MLB.com Columnist

Jim Callis

Rockies in AFL: Freeland grateful for extra work

Pitcher making up for lost innings, developing changeup, facing quality competition

Rockies in AFL: Freeland grateful for extra work

After signing for $2.3 million as the eighth overall pick in the 2014 Draft, Kyle Freeland enjoyed a strong pro debut. The Rockies left-hander posted a 1.15 ERA and a 33/6 K/BB ratio in 39 innings while reaching low Class A, seemingly setting the stage to move quickly through the Minors.

Freeland got derailed from the fast track, however, in 2015. He came down with a tired shoulder and had an operation to remove bone chips from his elbow. He didn't make his first start until July 24 and totaled just 46 2/3 innings, mostly in Class A Advanced.

"It was definitely a struggle, and it took its toll a little bit," Freeland said. "No one wants to come in their first full season and start experiencing a little shoulder fatigue and then getting told they need minor surgery on their elbow. So I made the best of it. I knew I was going to come back healthy and stronger than I was, and that was my main focus."

Freeland said he welcomed the opportunity to come to the Arizona Fall League, not only to make up for some of his lost innings but also to face quality competition. He got shelled in his first start for the Salt River Rafters, surrendering two homers and six runs while recording only two outs, but bounced back with three scoreless innings a week later.

Besides adding experience, Freeland also has some development goals this fall.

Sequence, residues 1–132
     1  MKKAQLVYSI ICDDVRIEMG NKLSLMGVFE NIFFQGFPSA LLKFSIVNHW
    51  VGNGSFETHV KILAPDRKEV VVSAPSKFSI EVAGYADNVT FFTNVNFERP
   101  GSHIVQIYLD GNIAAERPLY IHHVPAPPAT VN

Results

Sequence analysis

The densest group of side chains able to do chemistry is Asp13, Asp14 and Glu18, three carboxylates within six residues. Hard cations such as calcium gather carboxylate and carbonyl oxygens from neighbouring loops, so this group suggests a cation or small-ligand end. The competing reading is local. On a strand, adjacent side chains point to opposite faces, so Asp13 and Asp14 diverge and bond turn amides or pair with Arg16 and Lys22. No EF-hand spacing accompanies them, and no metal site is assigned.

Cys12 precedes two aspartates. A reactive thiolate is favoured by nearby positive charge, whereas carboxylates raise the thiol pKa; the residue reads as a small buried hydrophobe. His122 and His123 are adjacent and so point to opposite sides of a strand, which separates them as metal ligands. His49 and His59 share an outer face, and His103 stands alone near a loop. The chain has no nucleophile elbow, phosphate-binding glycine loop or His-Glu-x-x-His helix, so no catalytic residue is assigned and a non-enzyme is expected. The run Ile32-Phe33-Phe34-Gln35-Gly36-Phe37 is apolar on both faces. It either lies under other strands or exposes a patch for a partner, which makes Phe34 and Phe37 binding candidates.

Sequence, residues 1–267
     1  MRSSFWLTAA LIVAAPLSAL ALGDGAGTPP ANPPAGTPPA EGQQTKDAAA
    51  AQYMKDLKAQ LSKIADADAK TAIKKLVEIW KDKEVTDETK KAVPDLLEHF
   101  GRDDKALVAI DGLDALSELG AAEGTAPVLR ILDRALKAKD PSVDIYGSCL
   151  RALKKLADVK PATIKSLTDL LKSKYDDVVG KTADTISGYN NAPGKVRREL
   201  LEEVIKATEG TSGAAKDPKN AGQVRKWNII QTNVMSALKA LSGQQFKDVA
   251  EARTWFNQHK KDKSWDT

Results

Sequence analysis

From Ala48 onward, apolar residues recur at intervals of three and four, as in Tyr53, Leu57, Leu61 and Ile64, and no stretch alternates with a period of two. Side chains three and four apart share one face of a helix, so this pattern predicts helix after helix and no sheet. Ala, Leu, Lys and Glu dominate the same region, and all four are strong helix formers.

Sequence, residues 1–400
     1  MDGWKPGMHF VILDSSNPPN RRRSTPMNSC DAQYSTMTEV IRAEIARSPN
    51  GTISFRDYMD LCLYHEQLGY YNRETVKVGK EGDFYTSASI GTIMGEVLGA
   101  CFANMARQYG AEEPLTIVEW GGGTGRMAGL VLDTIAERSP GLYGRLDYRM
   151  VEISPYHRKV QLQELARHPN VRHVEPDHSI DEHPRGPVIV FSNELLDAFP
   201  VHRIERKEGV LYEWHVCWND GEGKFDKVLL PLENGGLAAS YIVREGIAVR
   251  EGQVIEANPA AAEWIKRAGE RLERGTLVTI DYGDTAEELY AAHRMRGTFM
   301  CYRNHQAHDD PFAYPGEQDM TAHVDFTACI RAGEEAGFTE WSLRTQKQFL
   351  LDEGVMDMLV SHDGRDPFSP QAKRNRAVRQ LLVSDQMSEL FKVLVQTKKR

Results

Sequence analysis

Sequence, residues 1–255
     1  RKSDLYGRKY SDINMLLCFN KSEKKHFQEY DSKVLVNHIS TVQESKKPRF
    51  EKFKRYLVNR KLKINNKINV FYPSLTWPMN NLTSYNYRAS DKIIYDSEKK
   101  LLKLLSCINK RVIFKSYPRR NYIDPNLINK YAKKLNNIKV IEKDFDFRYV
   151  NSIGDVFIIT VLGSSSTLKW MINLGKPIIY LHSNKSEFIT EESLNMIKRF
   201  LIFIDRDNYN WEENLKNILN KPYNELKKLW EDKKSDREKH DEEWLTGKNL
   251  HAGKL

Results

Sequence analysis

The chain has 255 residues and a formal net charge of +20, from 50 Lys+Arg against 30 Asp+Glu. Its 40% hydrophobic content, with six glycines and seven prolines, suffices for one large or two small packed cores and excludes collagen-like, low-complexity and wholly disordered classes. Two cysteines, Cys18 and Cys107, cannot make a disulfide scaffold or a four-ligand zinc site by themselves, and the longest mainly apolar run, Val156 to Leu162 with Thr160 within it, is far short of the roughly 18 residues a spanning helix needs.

"We definitely want to get my inning count up as high as it can go for this year," he said. "Also for me, it's changeup development. I got to get that four-pitch mix in to pitch at this level and also at the big league level. You got to have that changeup."

A more consistent changeup would give the 22-year-old Freeland a well-rounded repertoire. He has the total fastball package: throwing it in the low 90s and reaching 96 mph with life, deception and excellent command. His low-80s-mph slider can be an out pitch at times, and he also turns it into a mid-80s cutter on occasion.

Rockies hitters in the Fall League

Jordan Patterson, OF/1B -- A fourth-round pick from South Alabama in 2013, he has among the best bat speed in Colorado's system and has delivered consistent production as a pro. He's coming off his best season, hitting .297/.364/.543 between Class A Advanced and Double-A and leading the Minors with 45 doubles and 74 extra-base hits.

Chris Rabago, C -- He was a right-handed-hitting infielder at UC Irvine when the Rockies drafted him in the 13th round last year, then converted him to a switch-hitting catcher in 2015. The strong-armed Rabago threw out 32 percent of basestealers and hit .306/.353/.441 at Rookie-level Grand Junction this summer.

Raimel Tapia, OF -- A pure hitter who's starting to grow into some power, he batted.305/.333/.467 with 12 homers and 26 steals in the offensive-minded Class A Advanced California League this year. Signed out of the Dominican Republic in 2010, he also has solid speed, plus arm strength and a chance to stick in center field.

Rockies pitchers in the Fall League

Matt Carasiti, RHP -- A sixth-round pick out of St. John's in 2012, he spent his first two years in pro ball as a starter before moving to the bullpen. Armed with a low-90s fastball and a cutter, he had 22 saves, a 3.02 ERA and 57 strikeouts in 56 2/3 innings this year in Class A Advanced.

Carlos Estevez, RHP -- The Dominican product is all about velocity, pitching mainly off a fastball that can reach the upper 90s. He split 2015 between Class A Advanced and Double-A, recording 18 saves, a 3.40 ERA and a 68/14 K/BB ratio in 55 2/3 innings.

Sam Moll, LHP -- What he lacks in size at 5-foot-10, he makes up for in arm strength, with a 92-96 mph fastball and a slider that misses bats. He posted a 2.63 ERA and a 74/16 K/BB ratio in 68 1/3 innings between Class A Advanced and Double-A this season.

Jim Callis is a reporter for MLB.com. Follow @jimcallisMLB on Twitter. This story was not subject to the approval of Major League Baseball or its clubs.